Although it was only released a few months ago, Netflix’s new series “Master of None” has garnered a volume of appraisal leveled to no other in 2015. Co-created and produced by comedic “Parks and Recreation” star Aziz Ansari, “Master of None” follows protagonist Dev (played by Ansari), a 30-year-old actor, through his daily triumphs and travails as he seeks his big break in New York City. The show deftly portrays a range of topics, from the hard reality of aging out of your wild early 20s into the quieter suburban adult lifestyle to dealing with parental attachment as you get older.
However, perhaps the most pertinent issue Ansari ingeniously touches on in the series is the portrayal of Indian Americans (and for that matter, minorities in general) in American television.
As a child born and raised in America by two Indian-immigrant parents, finding Indians on television was always somewhat of a novelty to me. Like most other kids born in the late ‘90s, I would come home from school and flip through Disney Channel and Nickelodeon, settling on sitcoms or cartoons to watch. Initially, I would question why there was no one with my complexion on “Drake and Josh” or “Rugrats.” Over time, I simply grew accustomed to it.
On the off chance that an Indian character would pop up in a TV show, they usually had a very one-dimensional and stereotypical role. The characterization of Indian men on television often centralizes on their thick accents or heavily studious, anti-social nature, exemplified by popular characters like Raj from “The Big Bang Theory” and every male from the NBC sitcom “Outsourced.”
Similarly, the roles of Indian female characters are usually relegated to the concept of “exotic” women with a plotline revolving around their ethnicity no matter how developed or interesting their character profiles are. An example is Cece from the TV sitcom “New Girl.” On an episode-to-episode basis, many jokes (often disparaging in nature) are made about Cece’s ethnicity, but her character barely even bats an eye at them.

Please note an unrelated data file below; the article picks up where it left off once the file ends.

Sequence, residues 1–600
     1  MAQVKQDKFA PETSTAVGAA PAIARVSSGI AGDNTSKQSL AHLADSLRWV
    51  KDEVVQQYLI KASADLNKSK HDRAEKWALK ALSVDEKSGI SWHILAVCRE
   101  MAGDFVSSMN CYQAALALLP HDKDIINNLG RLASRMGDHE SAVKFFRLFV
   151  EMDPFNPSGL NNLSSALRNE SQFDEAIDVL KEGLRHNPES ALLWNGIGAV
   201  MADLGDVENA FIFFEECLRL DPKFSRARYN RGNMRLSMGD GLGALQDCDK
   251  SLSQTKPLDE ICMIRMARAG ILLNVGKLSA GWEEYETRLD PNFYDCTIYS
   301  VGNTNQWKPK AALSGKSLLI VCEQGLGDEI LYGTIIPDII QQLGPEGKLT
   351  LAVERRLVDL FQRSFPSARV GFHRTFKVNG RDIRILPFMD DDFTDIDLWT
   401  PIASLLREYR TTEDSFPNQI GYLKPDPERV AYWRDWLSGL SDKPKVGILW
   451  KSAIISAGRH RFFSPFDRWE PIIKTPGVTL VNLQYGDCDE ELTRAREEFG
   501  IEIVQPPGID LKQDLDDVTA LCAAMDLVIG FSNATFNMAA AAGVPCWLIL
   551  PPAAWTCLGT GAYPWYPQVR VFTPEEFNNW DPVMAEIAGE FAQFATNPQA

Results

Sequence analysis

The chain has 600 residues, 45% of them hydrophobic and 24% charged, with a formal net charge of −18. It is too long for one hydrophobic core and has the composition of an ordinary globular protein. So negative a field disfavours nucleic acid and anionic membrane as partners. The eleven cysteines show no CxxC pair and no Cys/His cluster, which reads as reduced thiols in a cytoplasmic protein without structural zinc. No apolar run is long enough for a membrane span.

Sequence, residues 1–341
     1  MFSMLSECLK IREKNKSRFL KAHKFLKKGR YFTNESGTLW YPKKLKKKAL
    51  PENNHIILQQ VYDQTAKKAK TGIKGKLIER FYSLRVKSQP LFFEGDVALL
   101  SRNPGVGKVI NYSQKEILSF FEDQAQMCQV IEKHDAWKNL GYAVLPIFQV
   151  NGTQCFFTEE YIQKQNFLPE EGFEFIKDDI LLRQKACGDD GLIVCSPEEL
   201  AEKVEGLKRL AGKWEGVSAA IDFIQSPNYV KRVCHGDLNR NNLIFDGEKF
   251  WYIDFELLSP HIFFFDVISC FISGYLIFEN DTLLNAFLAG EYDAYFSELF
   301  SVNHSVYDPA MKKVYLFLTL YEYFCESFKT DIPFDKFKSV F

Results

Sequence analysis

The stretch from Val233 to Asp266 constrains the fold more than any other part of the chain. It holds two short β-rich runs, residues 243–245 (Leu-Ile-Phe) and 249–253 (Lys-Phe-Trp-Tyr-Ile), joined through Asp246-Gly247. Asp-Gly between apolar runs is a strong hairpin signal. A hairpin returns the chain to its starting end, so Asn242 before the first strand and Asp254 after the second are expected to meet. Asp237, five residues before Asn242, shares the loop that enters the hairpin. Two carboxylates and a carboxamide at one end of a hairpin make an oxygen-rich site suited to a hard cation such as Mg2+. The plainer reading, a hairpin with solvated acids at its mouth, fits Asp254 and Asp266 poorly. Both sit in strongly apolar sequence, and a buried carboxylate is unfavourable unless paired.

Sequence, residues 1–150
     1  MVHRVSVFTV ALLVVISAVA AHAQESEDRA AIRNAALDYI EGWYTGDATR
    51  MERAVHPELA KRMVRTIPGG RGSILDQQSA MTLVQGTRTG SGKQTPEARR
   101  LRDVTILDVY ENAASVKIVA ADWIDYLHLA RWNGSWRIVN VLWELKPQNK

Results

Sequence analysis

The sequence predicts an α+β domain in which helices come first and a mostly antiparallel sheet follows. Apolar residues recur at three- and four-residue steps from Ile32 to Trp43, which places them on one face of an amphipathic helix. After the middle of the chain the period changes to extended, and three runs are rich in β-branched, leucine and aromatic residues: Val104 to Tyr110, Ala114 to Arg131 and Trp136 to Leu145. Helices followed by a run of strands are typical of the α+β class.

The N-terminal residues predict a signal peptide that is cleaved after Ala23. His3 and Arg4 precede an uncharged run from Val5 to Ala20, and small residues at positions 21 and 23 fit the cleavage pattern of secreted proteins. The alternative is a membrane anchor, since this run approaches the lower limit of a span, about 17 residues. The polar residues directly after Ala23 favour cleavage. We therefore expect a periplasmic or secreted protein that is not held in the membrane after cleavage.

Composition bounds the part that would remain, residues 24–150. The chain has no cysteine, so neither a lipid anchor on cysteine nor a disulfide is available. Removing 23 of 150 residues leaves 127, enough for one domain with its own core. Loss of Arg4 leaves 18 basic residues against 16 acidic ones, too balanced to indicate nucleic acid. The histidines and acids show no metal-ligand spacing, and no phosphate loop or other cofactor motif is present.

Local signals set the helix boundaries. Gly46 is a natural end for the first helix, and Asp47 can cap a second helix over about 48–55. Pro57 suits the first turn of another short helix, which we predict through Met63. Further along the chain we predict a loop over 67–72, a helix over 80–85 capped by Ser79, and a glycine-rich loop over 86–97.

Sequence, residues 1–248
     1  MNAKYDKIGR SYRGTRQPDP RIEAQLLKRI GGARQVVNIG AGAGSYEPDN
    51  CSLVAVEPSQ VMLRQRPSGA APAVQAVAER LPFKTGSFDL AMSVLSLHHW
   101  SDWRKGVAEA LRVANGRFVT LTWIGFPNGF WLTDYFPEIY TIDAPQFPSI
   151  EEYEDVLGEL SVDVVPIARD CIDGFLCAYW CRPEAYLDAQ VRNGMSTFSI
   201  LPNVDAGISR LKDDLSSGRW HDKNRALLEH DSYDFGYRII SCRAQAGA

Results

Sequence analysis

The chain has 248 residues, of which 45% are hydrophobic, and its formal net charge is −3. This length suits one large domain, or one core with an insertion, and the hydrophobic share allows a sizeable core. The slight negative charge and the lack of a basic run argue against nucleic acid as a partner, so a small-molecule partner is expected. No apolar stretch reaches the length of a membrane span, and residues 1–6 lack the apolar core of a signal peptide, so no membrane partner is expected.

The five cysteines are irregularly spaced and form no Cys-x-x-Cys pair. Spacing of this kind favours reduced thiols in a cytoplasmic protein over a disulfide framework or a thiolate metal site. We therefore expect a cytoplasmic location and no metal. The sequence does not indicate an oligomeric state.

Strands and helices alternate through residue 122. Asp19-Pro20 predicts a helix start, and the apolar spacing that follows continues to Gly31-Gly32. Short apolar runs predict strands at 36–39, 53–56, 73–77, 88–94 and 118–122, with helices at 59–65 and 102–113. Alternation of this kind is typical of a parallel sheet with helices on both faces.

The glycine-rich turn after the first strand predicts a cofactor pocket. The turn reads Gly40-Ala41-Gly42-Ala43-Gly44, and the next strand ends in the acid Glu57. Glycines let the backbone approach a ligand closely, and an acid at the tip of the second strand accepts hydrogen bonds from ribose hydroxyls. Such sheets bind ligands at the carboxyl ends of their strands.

Stereotypical minority roles are common in mainstream media, but there have been several breakthroughs in the last few years. South-Asian women, such as Mindy Kaling and Priyanka Chopra, have broken stereotypes set in the past by nuancing the previously one-dimensional definition of Indians through their work on “The Mindy Project” and “Quantico,” respectively.
Instead of completely whitewashing the actresses’ backgrounds or forcing them into stereotyped caricatures, both shows illustrate each character’s complex identities and allow the viewers to interpret the characterization for themselves. Ansari’s work in “Master of None” takes further steps to break these boundaries by not only exposing the racism Ansari has experienced as an Indian actor in Hollywood, but also by illustrating the practical inconveniences of being a minority trying to find success in the entertainment industry.
These shows demonstrate that it is possible to create a successful, poignant and nuanced series without compensating for ethnic identity. To me, progress is not just having more Indian-American actors on television – true progress comes when these Indian actors can actually be defined by their intricate, disparate and full-fledged personalities rather than buried under exaggerated ethnic stereotypes.